Gary: This would take me back to a very cold night sometime in February of 1967. I was in the Yorkville Village area of Toronto and I stepped into the Myna Bird Cafe. There were very few people in the club, it was cold, during the week and not a nice night. That night I met the “Original” group the Youngbloods. Yes they had Jerry Corbitt and Jesse Colin Young. I had a chance to talk to them that night and I thought that here was a group that would make it big. Well, other than one “Huge” song, I was wrong. They changed members and went through the usual band things, but I have very fond memories of Jesse Colin Young and “The Youngbloods”.
Video: This is the group that I saw:
Video: Jesse Colin Young- Get Together
1. Grizzly Bear/ RCA 47-9015/ February 1967/ #7 Chum Chart
2. Let's Get Together/ RCA 47-9752/ September 1969/ #11 Chum Chart
Jesse Colin Young got his start as a solo act on the folk circuits of Boston and New York and had already cut a couple of unsuccessful albums before deciding to form a band with guitarist Jerry Corbitt. After a failed single called “My Babe”, they hired aspiring jazz drummer Joe Bauer and guitarist / pianist Lowell Levinger III, better known simply as “Banana”.
Young began playing bass when several candidates— including Felix Pappalardi and Harvey Brooks (later of The Electric Flag)—proved incompatible, and the quartet took the name ‘Youngbloods’ from the singer’s second solo album.The group was eventually selected as the house band at New York’s famed Cafe Au Go Go and established itself as a leading folk rock/good time attraction. Their sound would temper their blues and jugband influences with gentle California psychedelia, particularly after they moved to the San Francisco Bay area.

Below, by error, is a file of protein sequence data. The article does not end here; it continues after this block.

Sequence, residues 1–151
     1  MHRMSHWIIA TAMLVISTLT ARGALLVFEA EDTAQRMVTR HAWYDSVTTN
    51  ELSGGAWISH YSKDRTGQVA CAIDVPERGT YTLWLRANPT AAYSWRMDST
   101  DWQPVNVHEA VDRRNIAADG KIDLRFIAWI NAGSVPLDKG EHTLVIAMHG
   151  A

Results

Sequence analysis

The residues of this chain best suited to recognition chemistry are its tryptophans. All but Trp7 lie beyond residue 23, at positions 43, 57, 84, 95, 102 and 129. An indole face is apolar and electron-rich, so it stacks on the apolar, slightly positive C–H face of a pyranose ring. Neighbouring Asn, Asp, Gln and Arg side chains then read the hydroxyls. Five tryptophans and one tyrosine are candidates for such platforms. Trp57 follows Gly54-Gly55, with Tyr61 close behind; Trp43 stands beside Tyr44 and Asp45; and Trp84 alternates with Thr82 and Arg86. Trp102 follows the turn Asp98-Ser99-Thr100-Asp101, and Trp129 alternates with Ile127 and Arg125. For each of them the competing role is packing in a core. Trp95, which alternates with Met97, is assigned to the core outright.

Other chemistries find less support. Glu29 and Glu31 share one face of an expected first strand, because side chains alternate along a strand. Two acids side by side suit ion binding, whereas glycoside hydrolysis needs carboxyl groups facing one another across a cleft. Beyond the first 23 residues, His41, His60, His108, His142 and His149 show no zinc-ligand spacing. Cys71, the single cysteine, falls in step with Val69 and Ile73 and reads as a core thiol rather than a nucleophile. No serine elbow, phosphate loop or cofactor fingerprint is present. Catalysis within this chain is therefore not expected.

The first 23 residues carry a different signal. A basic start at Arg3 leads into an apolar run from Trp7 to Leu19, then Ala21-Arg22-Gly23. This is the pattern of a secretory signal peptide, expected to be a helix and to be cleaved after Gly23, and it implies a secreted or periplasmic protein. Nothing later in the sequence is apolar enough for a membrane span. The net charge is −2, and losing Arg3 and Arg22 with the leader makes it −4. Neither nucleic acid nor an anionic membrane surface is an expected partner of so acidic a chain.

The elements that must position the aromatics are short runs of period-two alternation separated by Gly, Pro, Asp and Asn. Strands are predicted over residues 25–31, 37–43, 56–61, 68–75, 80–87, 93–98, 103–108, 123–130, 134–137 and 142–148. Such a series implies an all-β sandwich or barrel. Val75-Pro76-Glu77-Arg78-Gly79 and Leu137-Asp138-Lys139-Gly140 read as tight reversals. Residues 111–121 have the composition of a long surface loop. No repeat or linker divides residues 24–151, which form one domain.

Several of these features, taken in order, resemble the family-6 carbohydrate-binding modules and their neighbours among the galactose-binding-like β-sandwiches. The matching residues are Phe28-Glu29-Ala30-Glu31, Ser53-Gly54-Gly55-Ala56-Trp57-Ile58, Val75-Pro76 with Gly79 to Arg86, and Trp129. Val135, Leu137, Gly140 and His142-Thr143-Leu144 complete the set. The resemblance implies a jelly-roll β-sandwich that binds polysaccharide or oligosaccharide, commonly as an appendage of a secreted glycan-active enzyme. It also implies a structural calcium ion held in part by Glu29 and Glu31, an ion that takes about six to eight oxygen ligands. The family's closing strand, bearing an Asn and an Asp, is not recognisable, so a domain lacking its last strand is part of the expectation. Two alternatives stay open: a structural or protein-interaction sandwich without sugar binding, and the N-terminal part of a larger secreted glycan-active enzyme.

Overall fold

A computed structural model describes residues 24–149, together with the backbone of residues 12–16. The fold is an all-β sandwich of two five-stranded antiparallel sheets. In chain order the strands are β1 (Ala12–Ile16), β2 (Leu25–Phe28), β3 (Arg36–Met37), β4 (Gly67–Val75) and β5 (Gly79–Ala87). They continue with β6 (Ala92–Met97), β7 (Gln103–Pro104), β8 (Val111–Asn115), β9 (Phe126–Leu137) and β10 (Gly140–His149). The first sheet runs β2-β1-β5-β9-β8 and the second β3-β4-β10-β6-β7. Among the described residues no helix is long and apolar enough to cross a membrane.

While Young was always the focal point of the band, their first two albums also had songwriting contributions from Corbitt. Their first single, Grizzly Bear, was a local hit. Their second attempt, Get Together, didn’t do much better when it was first released. This Dino Valenti song had previously been recorded by the Jefferson Airplane, but The Youngbloods’ slow, soulful interpretation of “Get Together” was definitive. The record faded quickly but suddenly rocketed to the Top 10 when it was re-released in 1969 after being used in a television public service ad. The tune was subsequently adopted as a counterculture anthem.
By that time, guitarist Jerry Corbitt had left. The Youngbloods, reduced to a trio, were living in Marin County, CA. 1969’s
Elephant Mountain was produced by country artist Charlie Daniels. Reflecting the mellowing influence of San Francisco psychedelia, it was their best effort, featuring some of Young’s best songs. They released a few more albums in the early ’70s (some live), but on these, the mellow California rock sound had begun to turn lame and wimpy.Further albums by Bauer, Levinger and Young were marred by inconsistency. A friend from the Boston days, Michael Kane, joined the band in the spring of 1971, but they split the following year when Young left the band. Levinger, Bauer and Kane continued as Banana And The Bunch, but this occasional venture subsequently folded.
Jesse Colin Young went on to have a long and moderately successful career as a solo singer-songwriter.